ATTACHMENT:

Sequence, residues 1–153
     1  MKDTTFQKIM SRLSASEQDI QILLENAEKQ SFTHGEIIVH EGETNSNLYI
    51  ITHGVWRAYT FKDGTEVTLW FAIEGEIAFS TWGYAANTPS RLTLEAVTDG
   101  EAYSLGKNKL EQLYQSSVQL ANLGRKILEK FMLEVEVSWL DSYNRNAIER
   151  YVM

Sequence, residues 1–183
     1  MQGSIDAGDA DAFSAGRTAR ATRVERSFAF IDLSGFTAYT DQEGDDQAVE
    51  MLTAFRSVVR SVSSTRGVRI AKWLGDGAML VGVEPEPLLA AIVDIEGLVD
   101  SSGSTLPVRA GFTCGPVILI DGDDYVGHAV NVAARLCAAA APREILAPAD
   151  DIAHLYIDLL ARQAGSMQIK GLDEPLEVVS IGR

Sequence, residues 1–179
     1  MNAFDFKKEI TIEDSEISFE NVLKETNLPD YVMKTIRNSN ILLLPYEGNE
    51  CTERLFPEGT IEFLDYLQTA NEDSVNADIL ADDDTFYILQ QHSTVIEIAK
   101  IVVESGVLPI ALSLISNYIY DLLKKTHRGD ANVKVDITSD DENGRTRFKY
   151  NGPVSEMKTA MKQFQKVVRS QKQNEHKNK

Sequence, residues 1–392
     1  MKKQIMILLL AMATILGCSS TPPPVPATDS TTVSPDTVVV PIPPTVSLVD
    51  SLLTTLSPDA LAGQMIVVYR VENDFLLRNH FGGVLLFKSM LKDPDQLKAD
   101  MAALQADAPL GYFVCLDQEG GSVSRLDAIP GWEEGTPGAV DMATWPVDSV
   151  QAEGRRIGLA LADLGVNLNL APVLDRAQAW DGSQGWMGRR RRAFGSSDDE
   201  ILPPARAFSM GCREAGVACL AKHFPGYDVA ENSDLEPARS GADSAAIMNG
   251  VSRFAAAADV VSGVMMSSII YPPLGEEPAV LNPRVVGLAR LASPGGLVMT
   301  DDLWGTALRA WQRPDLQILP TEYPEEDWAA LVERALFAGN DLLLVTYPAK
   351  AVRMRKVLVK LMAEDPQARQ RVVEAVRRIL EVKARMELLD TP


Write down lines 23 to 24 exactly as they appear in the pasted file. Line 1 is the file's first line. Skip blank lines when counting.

   301  DDLWGTALRA WQRPDLQILP TEYPEEDWAA LVERALFAGN DLLLVTYPAK
   351  AVRMRKVLVK LMAEDPQARQ RVVEAVRRIL EVKARMELLD TP